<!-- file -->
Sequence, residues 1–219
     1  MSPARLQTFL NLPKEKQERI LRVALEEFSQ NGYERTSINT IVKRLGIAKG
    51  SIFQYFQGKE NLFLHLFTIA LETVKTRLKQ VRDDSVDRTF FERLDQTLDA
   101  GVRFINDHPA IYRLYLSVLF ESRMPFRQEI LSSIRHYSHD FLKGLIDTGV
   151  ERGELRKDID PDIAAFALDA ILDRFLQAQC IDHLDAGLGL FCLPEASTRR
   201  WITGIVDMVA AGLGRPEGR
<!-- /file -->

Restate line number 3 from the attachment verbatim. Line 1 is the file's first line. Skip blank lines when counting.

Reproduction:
    51  SIFQYFQGKE NLFLHLFTIA LETVKTRLKQ VRDDSVDRTF FERLDQTLDA